I remember someone asking on here what a good permacomputing language would be to be to learnβ€”to make sure their software would still run in, say, half a century’s time.

A lot of people recommended C. I deliberately kept out of the thread because I didn’t want to disturb anyone or start an argument.

I would recommend Common Lisp. Lisp was discovered in the 50s, and many Lisp programs written from decades ago still run with zero, or minor modifications today.

This is my humble suggestion. There are many benefits to using Lisp as a permacomputing language, such as strong typing, remarkable simplicity of its grammar, and, by its design, exhibits much less undefined behaviour.

@vidak That sounds great to me.

On the other hand, computing is still in its infancy, so it may be a bit early to be talking about "permacomputing".

@freakazoid yeah, I agree I supposeβ€”Alan Kay said that computing is still in its infancy for sure.

I don’t think it’s too early to be talking about permacomputing, though. It’s my belief that civilisation is going through the early stages of collapse. I am not a β€˜prepper’, but I do think we need to be planning for computation that is very, very low power and can run on eWaste.

I think there’s lots of evidence for following this line of activity.

@vidak I think that's an interesting exercise regardless of the reason. Even if there isn't a complete collapse, climate change is happening, and it's going to cause various kinds of resource shortages and social instability. A CME the size of the Carrington Event would cause massive, widespread power outages and other failures that could take months to fix.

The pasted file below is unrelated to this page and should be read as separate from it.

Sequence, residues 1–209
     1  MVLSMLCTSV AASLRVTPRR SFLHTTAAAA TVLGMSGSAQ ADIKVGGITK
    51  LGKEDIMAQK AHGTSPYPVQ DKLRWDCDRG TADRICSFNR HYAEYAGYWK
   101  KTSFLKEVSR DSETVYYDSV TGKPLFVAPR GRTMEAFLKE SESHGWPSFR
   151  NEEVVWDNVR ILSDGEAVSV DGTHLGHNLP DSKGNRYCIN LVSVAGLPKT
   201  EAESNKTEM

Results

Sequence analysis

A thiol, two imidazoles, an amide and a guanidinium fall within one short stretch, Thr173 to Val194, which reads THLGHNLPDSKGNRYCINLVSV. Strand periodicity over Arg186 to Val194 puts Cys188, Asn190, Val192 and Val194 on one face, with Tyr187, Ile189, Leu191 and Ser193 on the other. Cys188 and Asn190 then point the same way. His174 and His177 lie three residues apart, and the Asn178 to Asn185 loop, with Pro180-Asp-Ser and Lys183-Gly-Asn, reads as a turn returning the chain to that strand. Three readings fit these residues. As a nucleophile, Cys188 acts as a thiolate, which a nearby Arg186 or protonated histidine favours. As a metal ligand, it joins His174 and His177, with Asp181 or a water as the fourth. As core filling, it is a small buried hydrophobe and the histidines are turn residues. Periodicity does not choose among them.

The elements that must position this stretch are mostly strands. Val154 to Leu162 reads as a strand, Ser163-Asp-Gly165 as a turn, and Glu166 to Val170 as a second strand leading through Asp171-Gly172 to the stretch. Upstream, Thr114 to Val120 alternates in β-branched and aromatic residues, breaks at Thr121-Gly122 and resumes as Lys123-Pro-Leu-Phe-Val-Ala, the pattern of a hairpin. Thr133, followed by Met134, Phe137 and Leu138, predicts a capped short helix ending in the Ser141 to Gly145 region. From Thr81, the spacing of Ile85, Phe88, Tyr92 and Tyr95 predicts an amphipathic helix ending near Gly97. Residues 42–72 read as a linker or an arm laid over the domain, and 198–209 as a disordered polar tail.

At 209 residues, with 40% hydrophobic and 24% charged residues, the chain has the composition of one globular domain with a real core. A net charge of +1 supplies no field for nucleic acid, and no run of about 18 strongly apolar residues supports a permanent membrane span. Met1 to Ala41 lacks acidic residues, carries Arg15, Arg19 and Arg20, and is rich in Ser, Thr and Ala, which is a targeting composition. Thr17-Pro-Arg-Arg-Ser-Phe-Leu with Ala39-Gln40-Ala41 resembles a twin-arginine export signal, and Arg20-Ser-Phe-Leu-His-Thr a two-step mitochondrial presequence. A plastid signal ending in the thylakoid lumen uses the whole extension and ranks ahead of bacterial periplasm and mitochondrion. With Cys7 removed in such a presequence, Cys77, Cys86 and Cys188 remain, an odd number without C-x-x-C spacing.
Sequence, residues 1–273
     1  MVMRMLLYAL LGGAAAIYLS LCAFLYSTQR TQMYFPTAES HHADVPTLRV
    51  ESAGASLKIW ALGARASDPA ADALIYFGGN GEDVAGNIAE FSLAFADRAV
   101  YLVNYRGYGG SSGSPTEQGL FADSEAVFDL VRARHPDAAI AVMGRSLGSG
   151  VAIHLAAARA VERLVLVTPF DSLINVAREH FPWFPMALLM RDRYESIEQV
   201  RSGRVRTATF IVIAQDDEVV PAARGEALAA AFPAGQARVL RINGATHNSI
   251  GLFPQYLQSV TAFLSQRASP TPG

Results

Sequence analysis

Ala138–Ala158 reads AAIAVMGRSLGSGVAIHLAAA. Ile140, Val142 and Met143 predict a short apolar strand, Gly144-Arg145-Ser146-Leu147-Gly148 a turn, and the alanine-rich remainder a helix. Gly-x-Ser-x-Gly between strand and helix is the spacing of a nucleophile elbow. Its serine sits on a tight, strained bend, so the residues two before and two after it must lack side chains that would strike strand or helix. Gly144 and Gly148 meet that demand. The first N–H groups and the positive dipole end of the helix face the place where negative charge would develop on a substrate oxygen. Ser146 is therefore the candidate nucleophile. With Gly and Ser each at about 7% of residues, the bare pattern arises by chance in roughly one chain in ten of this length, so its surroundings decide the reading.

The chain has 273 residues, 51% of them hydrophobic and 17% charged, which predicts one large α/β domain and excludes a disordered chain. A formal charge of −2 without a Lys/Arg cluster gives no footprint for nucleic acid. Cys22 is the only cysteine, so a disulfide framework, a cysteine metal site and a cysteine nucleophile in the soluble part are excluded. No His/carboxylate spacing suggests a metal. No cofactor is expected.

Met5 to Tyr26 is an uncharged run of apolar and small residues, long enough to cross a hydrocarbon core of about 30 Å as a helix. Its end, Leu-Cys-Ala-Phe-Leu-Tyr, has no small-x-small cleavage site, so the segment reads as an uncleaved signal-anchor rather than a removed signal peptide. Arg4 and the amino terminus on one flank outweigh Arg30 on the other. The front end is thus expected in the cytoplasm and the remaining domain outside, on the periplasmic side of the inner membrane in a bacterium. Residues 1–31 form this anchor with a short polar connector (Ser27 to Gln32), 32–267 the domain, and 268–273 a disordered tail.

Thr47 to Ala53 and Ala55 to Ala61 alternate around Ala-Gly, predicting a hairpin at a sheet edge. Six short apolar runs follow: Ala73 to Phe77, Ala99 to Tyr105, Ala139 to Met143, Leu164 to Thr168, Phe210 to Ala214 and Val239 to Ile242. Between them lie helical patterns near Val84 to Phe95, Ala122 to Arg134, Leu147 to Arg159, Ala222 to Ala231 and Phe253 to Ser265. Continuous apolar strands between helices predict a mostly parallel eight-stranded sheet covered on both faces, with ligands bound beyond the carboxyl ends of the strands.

And teaching people to reproduce our industrial base from nothing also teaches skills that are useful regardless.


@vidak My 9 year old and I go for a walk at lunch time most days, and he talks about things that interest him, mostly video games and apocalypses. He was speculating the other day on whether the coming apocalypse was going to be nuclear war or zombies and I told him the apocalypse was already happening, and that it's a "slowpocalypse."

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@vidak A 9 year old definitely doesn't want to hear that the apocalypse they're waiting for is already happening and that it's super boring and annoying.

@vidak Incidentally, we're only going to be able to survive for so long on the leavings of a collapsed civilization, so if we want to continue to have computers we need to figure out how to synthesize chips!

@freakazoid yes! I believe people like Sam Zeloof and Jeri Helmsworth (??) can do it in their backyard!!

@vidak I assume you mean Jeri Ellsworth from Cooking with Jeri.

I suspect we're going to need some kind of breakthrough in order to be able to produce ICs economically, though. The equivalent of modern 3d printers or something.

@vidak Additive manufacturing has not yet made much of a mark on the production of electronics. There's clear potential there, though.

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